St. Pete Beach, Part 1: Lunch and Art

Saganaki and a burger combined into one glorious dish
Saganaki and a burger combined into one glorious dish

The extent of my west coast of Florida travel has largely revolved around trips to Bern’s in Tampa, or to visit friends, with some outlet shopping thrown in for good measure. So, when I was offered a complimentary stay at the Inn on the Beach in St. Pete Beach, I gladly accepted. We drove north on a Friday morning, got caught in torrential downpours, and eventually made our way there, to find a cold front. 

The folks at Visit St. Petersburg Clearwater had arranged lunch and museum visits for us, and naturally we headed straight to lunch. Unfortunately, the folks at Bodega were too busy and uninterested to deal with us, so we were left to our own devices. We rallied, did a quick Google search and headed off in search of Engine No. 9.

Dali's sister.
Dali’s sister.

We seemed to be in an up and coming neighborhood, as evidenced by the taped windows and surly homeless people shouting slurs at us. That bit of charm aside, we did finally manage to get lunch, and it was awesome. Engine No. 9 has elevated bar food, and a whole page of burgers on the menu. I’m surprised that Guy Fieri has yet to feature them on Diners, Drive Ins and Dives. It would be a perfect fit.

Make no mistake, Engine No. 9 is a sports bar, with a giant bar taking up most of the front room, and tables in the back. Each table is equipped with a small tv, and a remote to watch whatever you want. I’ll admit we didn’t change the channel, or watch at all, as we were consumed by the food choices. The very first entry on the menu is “Sriracha crusted hot wings.” Yes, please. We ordered those right away while pondering the extensive burger selection.

Me, in the garden, with a giant Dali mustache.
Me, in the garden, with a giant Dali mustache.

Although many sounded interesting, we settled on the Saganaki burger. This half pound of delicious beef is topped with fried Greek cheese, tzaziki sauce, feta (because, clearly, you can never have too much cheese), pickles and Kalamata olives. Yes, olives. On a burger. It’s been a few weeks since we were there and I am still drooling over this hunk of deliciousness. It’s worth a stop in the neighborhood just for the Saganaki burger, although I am confident they are all good.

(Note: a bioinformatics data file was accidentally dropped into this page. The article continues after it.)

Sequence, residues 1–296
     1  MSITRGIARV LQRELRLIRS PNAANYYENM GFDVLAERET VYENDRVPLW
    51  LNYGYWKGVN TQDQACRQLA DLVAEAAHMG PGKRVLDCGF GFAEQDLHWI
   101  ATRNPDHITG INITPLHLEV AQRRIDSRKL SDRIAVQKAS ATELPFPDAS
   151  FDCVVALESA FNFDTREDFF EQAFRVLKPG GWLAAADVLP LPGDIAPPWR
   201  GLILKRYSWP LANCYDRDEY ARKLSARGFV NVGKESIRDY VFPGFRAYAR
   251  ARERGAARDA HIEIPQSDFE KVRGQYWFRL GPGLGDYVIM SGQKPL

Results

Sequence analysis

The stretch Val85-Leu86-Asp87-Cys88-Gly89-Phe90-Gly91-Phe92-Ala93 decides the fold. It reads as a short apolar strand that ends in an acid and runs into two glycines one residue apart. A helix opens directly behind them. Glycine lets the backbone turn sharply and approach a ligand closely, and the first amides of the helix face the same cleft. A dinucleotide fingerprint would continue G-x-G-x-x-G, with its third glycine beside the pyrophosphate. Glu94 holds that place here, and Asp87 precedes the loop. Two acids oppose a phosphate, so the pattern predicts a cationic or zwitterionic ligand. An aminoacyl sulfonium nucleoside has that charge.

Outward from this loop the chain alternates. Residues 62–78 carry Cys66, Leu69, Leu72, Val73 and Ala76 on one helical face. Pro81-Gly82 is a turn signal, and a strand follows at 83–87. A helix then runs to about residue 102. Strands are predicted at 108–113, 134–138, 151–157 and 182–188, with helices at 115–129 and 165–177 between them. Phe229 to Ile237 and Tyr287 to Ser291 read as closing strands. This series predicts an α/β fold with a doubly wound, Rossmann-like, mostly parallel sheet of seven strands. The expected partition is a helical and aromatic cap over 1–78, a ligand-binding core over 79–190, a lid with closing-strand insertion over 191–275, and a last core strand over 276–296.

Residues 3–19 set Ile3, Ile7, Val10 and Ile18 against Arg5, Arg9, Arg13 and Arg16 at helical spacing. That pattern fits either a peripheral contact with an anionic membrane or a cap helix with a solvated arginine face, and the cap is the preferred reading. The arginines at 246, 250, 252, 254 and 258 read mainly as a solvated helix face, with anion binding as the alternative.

We could have stayed all afternoon enjoying beers, and despite being completely stuffed, sampled some other goodies, but it was time for some culture. Namely, The Dali Museum.

From the Chihuly Collection.
From the Chihuly Collection.

While it is possible that the visit to Bern’s impressive wine cellar could be considered cultural, that – and one Jimmy Buffet concert – was the extent of the culture I’ve experienced in the Tampa Bay area. This time, however, we were all about being tourists. The Dali Museum showcases the life’s works of Salvador Dali, most known for his awesome mustache and surrealist paintings of melting clocks. The permanent collection of the museum spans the many facets of Dali’s works, including landscapes, an amazing portrait of his sister (glad I wasn’t involved in that relationship. Yikes,) religious and historical pieces, and of course, his surrealist paintings. The audio guide (free with $24/person admission), is easy to use and enhance the whole experience, making the self-guided tour simple at any pace.

Also at the museum was an M. C. Escher exhibit, with his amazing mathematically charged artwork. FKGuy loved the exhibit, much more than some others I have insisted we see in the past. The Pompidou comes to mind, with a video of a naked man mutilating himself, urinating on his mutilated body and then drinking the bucket of urine. It was atrocious. He still hasn’t forgiven me for that one (and it was in 2002).

Escher, on the other hand, was fascinating. Learning about tessellations –  the use of geometric shapes, with no overlaps and no spaces to create pattern – was a highlight of my museum-going history. The exhibit featured 135 works, including the most recognizable Drawing Hands, as well as others. They also had on display a stone plate used to produce lithographs. All in all, the museum was fantastic. It is a must on any trip to the area, so add it to your list now.

Later in the day we visited the Chihuly Collection,  a small gallery featuring glass sculptures by Dale Chihuly. We have had the good fortune of seeing many of his works in gardens and other displays, so this was not a highlight for me. The exhibit is fairly small, but if you have never seen the impressive glass works before, it would be a worthwhile stop. Tickets are a bit pricey, at $14.95/person, but the collection is also included with the Tampa CityPASS.

It was a wonderful first day in St. Pete. Stay tuned for the rest of this series: eating, drinking, walking and enjoying all that St. Pete has to offer.

Accommodations for this trip were provided by the Inn at the Beach. Entrance to museums provided by Visit St. Petersburg Clearwater. 


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